"There will always be footballers to find," said Jack Hixon, who has been finding them in the North-east for nearly half a century. "The Centres of Excellence that are everywhere now have their place and the monitoring they provide is useful. But there are still players out there, late developers in some way or another, lads who have been looked at once and got turned down. The essence of the job, of turning up at matches and looking and then trying to sort out the imponderables, won't disappear."
Hixon should know what he is talking about. He was the man who first spotted Alan Shearer for Southampton, whose talent-spotter he was for 20 years. More recently, in a brief spell at Sunderland, he turned up the much-vaunted teenage striker Michael Bridges, now being carefully nurtured by the manager, Peter Reid.
But Hixon, 75, seems as proud of the men who were to be no more than journeymen professionals, "men whose inherent honesty and application make them an asset to any side". Of those he recommended who are still playing he mentioned Tommy Widdrington, now with Grimsby, and Stephen Davies, of Luton.
The old scout is not alone in seeing the enduring virtues of his trade. Liam Brady, recently appointed youth director at Arsenal, has already employed more scouts, mainly in London and Ireland. The network of some 35 men still includes one Bill Darby, now in his seventies, and the fellow who first realised the merits of youthful players such as Niall Quinn, Frank Stapleton and ...Liam Brady.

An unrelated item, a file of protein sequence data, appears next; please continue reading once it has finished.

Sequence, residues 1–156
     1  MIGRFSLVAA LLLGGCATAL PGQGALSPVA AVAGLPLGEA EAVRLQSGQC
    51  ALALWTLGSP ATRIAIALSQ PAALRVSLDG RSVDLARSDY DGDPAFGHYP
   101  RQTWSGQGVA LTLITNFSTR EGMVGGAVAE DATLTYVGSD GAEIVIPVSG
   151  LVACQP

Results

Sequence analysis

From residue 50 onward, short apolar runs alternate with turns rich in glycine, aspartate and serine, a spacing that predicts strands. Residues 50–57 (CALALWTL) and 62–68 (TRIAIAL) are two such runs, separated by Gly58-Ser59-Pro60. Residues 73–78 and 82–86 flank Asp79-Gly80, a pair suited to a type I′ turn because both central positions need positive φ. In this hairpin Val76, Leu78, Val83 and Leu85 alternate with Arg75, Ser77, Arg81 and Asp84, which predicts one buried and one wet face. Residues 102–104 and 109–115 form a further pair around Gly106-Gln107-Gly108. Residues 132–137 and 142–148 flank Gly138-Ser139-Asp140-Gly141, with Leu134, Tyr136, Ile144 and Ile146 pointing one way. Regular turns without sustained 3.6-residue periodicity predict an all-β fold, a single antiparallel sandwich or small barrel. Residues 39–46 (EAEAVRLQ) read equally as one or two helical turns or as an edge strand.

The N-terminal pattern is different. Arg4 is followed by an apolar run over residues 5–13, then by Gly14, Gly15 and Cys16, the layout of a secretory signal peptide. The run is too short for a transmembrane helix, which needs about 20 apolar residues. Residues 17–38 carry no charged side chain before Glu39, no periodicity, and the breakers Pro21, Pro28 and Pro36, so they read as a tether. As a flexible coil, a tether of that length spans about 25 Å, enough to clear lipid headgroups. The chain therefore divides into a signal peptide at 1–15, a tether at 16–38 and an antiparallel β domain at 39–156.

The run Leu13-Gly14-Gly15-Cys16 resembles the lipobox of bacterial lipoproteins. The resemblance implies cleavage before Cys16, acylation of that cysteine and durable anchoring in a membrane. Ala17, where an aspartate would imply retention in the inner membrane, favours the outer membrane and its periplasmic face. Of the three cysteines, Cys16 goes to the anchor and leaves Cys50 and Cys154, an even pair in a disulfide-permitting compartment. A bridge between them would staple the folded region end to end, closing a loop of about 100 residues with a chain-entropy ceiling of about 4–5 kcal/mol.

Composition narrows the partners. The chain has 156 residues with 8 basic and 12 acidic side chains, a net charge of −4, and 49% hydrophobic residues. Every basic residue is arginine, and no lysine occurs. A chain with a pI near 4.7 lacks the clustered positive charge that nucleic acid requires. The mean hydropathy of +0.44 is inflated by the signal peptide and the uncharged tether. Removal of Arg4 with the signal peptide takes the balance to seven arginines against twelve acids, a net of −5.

"We've got somebody with him now," said Brady, "but he still knows what's needed in a young player. Ireland is a very important area for this club as is London."
One of Brady's primary tasks comes not in the spotting of players but in assessing his scouts' recommendations. The idea is not necessarily to spot future first-team players but to balance those qualities which will lead to apprenticeships. It is not usual, for instance, to say to a scout: "Show us your capped players."
Brady said: "This is a long-term job for the club. If four or five of the first team in five years' time have been scouted by my staff and come through the centre of excellence, then that's success."
The thinking is similar at Liverpool and Rangers, where Dalglish is likely to accept a super-scouting role. At Anfield, Frank Skelly, youth co-ordinator and assistant to Steve Heighway at the Melwood Training Ground centre of excellence, has been scouting for 21 years and and can bask in the glory of having realised the potential of Dominic Matteo.
Paradoxically, he used Matteo's discovery to illustrate how scouting is merely the initial part of the job. There were three others in the same Birkdale United team as Matteo, at least one of whom might have been a more complete player. But untimely injuries and illness halted their progress at crucial times.
"The chances of the older player coming through have lessened," said Skelly. "But it can still happen. John Aldridge was one and you never stop thinking there'll be others. What you can never do is spot a 10-year- old and say that he will make it. But you can look for the necessary qualities. Tabs we call it here [and it's on the Liverpool notepaper to prove it] for technique, attitude, balance and speed."
Jack Hixon is trawling the North-east on behalf of Ipswich these days, still watching at least two matches on a Saturday. This means he rarely gets to watch his brightest and best discovery playing for Newcastle, the team he has supported all his life but for which he has never scouted. They asked him once; he turned them down.
"It's still wonderfully rewarding but I'd be lying if I said there weren't cold days and moderate players when you wonder if it's worth it. But if I can see Michael Bridges continue his progress and eventually appear for England with Alan as his forward partner, well then I'll be happy."Reuse content